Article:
Red beans and rice, crawfish, beignets, and king cake. It’s no secret that New Orleans is home to some of the most delicious and unique cuisine in the world. But there’s one New Orleans classic in particular that has been satisfying natives and visitors alike for almost a century: the po-boy.
Created during the streetcar strike of 1929, the po-boy sandwich was first crafted by the Martin brothers. Originally dubbed “poor boys” after men who were striking, the name was eventually shortened to “Po-Boy” due to the accents of those who originally spoke it.
The sandwich usually consists of some form of meat or fried seafood on French bread and is typically topped (or “dressed” as locals call it) with lettuce, tomato, pickles and mayonnaise.
The city’s love of the po-boy has led to its very own celebration. The Oak Street Po-Boy Festival is an annual fall festival that features over 50 variations of the city staple from local vendors across the city.
If you can’t make the fest, make sure to check out some of these iconic po-boy places during your next visit.
Since 1968, Gene’s Po-Boys has remained a New Orleans favorite. Located in Marigny neighborhood, Gene’s has received recognition not only for its delicious po-boys, but for its eye-catching, hot-pink exterior that’s been featured on everything from The Simpsons to Drake’s “In My Feelings” music video. Located within walking distance from the historic Frenchmen Street, Gene’s a sure spot to grab a hot sausage or shrimp po-boy before heading out for a night on the town.
Simply put, the name says it all. At Killer Poboys there’s no such thing as a classic. All of their poboys are internationally-inspired originals like the Smoked Salmon, Housemade Chorizo, Glazed Pork Belly, BBQ Chicken Confit and Coriander Seared Shrimp, just to name a few. Dive into their unique menu and po-boy like a pro.You can find them in two locations - at a smaller pop-up window in the back of Erin Rose Bar, or their larger brick-and-mortar a few blocks over on Dauphine St.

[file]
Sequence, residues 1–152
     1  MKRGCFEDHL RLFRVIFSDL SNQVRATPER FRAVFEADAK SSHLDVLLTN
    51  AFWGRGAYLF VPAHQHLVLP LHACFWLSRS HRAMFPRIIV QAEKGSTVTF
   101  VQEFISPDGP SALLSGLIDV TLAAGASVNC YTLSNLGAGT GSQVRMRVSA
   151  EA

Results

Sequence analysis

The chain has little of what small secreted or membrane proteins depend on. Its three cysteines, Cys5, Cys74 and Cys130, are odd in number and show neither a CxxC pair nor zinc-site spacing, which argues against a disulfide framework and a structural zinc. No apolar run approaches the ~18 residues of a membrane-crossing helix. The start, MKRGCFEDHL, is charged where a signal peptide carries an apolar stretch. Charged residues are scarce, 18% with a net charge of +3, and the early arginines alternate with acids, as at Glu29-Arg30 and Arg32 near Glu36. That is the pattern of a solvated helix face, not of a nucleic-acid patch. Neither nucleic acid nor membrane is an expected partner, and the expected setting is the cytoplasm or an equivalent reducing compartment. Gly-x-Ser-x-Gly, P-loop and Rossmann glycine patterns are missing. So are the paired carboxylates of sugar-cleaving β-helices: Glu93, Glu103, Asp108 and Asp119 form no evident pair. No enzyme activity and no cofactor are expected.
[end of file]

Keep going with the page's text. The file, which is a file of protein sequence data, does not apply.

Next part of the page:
Runner up to Domilise’s in the Food War’s competition’s best shrimp po-boy, Parkway has been making sandwiches since 1911. While they are known for their shrimp po-boy, the restaurant offers 25 variations of the po-boy spanning from roast beef to an amazing alligator sausage. Want to taste the streetcar strikers had? Try their 1929 Potato Po-Boy made the same way the Martin Brothers made theirs - with french fries smothered in gravy. Or opt for a lighter option with one of the vegetarian po-boys. Plus, the po-boy shop has had some pretty famous clientele, from President Barack Obama to a pretty sizeable takeout order placed by Beyonce when she was in town on tour. Make sure you finish your meal with their ice cream sandwich po-boy for special treat.
As Guy Fieri said when he visited during an episode of Diners, Drive-Ins, and Dives: Mahony’s goes full throttle. With two locations– one on Magazine Street and the other in the French Quarter–Mahony’s is the perfect stop for those looking to get something to eat before shopping at local boutiques or strolling the historic neighborhood. One of their most exceptional and unique po-boys is the Shrimp Remi, a fried shrimp po-boy topped with remoulade sauce and fried green tomatoes. Pair any po-boy with their award-winning shoestring onion rings and you’ve got a classic NOLA lunch.
A mash-up between Cajun cuisine and Italian classics, Parran’s has been a Louisiana staple since 1975. Served by the half or whole on French Bread baked by John Gendusa Bakery, originators of the famous poor boy bread, Parran’s offer everything from the classic fried shrimp or hot sausage po-boys to Italian specialities such as veal, eggplant, or pastrami Parran po-boy. Try them dressed with all the fixings for a truly authentic po-boys experience.
Consistently a winner at the Oak Street Po-Boy festival, Red Fish Grill puts an interesting spin on the classic oyster po-boy with their BBQ Oyster Po-Boy. After flash frying the oysters they are tossed in Crystal BBQ Sauce and dressed with a homemade blue cheese dressing. A seven-year winner of “Best Seafood Po-Boy” and “Best Overall Po-Boy” 2017- Po-Boy Festival, Red Fish Grill is a must on your po-boy list.
Located by the Fairgrounds (the site of the New Orleans Jazz and Heritage Festival), Liuzza’s has consistently been dubbed one of New Orleans’ best spots to eat by critics and locals alike. Those who frequent the restaurant will argue that it is the best spot in the city to get a po-boy. Those visiting for the first time must try their BBQ Shrimp Po-Boy, a sandwich guaranteed to leave you feeling both full and pleased.
Melba’s is serving up classic New Orleans staples with an emphasis on the po-boys 24 hours a day and 7 days a week. Try their Voodoo Philly or smoked sausage po-boy paired with one of their famous New Orleans Daiquiris.
With over 40 po-boys to choose from, Johnny’s Po-Boys is a French Quarter favorite. Have a po-boy for every meal of the day as you sift through their massive menu with highlights such as the egg, soft shell crab, alligator sausage and country fried steak po-boys. Make sure to head over early as they do stop serving at 4:30 p.m. daily.